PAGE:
(4) Alloying: The remelting of the Ti ingots to mix the Ti with the desired alloys to produce alloy ingots.

In order to produce titanium dioxide, a white powder used as pigment mainly in the paper and paint industries, after a step similar to step one above, produces the TiCl4 (in liquid form). The resulting liquid is treated as follows.

(i) Oxidation: The TiCl4 is atomized in jet sprays and burned, producing the TiO2 and other oxides.

(ii) Purification: Ferrous and other oxides and impurities are separated from the TiO2. At this stage, some hydrochloric acid is recovered for recycling.

The removal of impurities is critical to the quality, strength and ductility of the final product.

b) The Present Invention

The present invention comprises a low cost semi-continuous process for the production of titanium sponge, titanium alloys or titanium powder suitable for titanium metal processing. Two steps are involved if TiO2 powder is desired and three steps if pure titanium or titanium alloy is desired. These steps are as follows

(1) Step One--Production of Titanim Slag. Titanium ore is mixed in an open pit with an exothermic compound bath to reduce the ore to TiO2 and Fe. The Fe will settle to the bottom of the pit and a metal slag containing about 90% TiO2 results. The molten slag is then transported through a pre-heated vacuum charging system into a copper hearth vacuum furnace.

(2) Step Two--Vacuum Processing. The slag is remelted with an electron beam or plasma in a vacuum chamber inside the vacuum furnace. In this chamber, at a vacuum of 0.01 Torr, the balance of the impurities are removed. Carbon and silicon are removed by the oxidation of CO or SiO2. Slag containing less volatile elements are skimmed or reacted with the base melt to form volatile sub-oxides. At the bottom of the furnace there is a molten mass in which some traces of Fe flow to the lowest level, the TiO2 (in liquid form) floats over them, and the impurities in the form of liquid slag stay on top and are continuously removed. The liquid TiO2 is separated and cooled to produce the powder used as pigment.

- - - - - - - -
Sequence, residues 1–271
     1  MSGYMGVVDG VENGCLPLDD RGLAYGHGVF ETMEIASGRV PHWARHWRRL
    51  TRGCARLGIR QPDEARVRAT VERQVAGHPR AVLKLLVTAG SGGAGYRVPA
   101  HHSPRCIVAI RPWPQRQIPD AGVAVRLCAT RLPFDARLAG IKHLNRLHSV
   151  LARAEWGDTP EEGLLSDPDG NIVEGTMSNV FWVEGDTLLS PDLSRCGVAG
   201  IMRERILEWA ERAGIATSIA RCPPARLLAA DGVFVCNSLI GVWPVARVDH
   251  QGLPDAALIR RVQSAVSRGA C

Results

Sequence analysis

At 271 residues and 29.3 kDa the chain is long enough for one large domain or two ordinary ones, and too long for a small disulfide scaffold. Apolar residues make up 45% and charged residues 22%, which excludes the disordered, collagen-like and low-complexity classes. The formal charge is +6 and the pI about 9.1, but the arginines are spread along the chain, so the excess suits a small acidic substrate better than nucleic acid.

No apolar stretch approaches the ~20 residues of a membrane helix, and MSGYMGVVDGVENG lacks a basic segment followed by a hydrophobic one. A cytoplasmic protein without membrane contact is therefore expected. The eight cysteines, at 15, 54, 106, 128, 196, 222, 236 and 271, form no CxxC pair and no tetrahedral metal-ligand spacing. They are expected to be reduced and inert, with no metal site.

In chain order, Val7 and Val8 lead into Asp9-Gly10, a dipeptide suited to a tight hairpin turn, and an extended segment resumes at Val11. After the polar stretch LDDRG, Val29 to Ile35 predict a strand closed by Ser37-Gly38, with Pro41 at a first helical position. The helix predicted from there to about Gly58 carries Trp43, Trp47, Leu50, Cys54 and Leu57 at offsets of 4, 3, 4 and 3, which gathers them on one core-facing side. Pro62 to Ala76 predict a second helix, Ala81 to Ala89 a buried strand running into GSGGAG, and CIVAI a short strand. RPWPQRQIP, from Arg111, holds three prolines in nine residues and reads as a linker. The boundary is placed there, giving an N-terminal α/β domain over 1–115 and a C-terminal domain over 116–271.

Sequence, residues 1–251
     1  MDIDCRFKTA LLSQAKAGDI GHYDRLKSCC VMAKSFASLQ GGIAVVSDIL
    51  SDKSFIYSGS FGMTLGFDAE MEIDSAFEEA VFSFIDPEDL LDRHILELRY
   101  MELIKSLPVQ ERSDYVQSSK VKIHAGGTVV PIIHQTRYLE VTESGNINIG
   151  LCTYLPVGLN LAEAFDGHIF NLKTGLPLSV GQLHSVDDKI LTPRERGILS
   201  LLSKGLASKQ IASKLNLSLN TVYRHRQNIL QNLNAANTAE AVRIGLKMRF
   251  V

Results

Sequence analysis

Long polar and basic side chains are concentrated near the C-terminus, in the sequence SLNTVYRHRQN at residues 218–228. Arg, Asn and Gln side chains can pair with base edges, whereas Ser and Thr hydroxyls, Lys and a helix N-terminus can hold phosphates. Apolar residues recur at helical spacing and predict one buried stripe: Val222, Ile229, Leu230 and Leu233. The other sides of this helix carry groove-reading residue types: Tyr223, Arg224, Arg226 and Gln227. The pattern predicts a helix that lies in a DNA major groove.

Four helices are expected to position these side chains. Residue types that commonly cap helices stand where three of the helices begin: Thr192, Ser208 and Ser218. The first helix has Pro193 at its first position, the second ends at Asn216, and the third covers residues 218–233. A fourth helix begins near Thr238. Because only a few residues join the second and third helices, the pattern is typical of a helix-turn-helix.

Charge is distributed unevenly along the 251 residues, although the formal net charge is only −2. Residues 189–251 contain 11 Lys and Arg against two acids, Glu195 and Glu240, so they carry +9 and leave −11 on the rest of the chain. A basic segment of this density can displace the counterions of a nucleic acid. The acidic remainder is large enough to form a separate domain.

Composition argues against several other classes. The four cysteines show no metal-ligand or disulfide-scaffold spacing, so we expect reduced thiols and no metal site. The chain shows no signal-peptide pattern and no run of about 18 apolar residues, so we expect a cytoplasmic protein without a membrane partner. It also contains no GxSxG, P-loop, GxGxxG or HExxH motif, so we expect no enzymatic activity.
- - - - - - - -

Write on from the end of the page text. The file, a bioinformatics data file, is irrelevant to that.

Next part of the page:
If the foregoing two step process is to produce 99.7% pure titanium or a titanium alloy in metallic form, a further Step Three is added.

Step Three--Refining and Alloying the Liquid. TiO is fed into a second stage of the vacuum chamber, at a vacuum pressure of 0.0001 Torr, and heated with a second electron beam or plasma which separates the oxide into pure titanium and a free O2.

If titanium alloys are desired, the alloy material is injected into the liquid titanium. This mass is then discharged into a continuous cast cold drawn ingot which is removed from the furnace.

The process just described in Steps Two and Three may be accomplished in a device as shown in FIG. 1. There, a two-stage furnace or furnace vacuum chamber (10) with a charging port or mouth (12) at its leftmost end and an outlet or opening (16) in the base of its rightmost end is shown. Along the interior ceiling of the furnace are condensation grids (14). Extending part way from the interior ceiling to the base of the furnace vacuum chamber (10) interior is water cooled skimmer (22). The floor of the interior of furnace vacuum chamber (10) is covered by water cooled copper hearth (20) and extending out of opening (16) is cooling jacket (18). Water cooled skimmer (22) acts to divide furnace vacuum chamber (10) into a first stage, first chamber (100) and a second stage, second chamber (200) which represent areas of differing vacuum pressure. An electron beam gun (24) is shown in both chambers (100, 200). In the first stage, first chamber (100), gun (24) is horizontally mobile and in the second stage, second chamber (200), it is horizontally and vertically mobile. These guns (24) are suspended in known fashion from the ceiling of the furnace vacuum chamber (10). The manner of constructing a device such as shown in FIG. 1 will be evident to those skilled in the art and therefore preferred materials, connections, wall thickness and the like are not specified.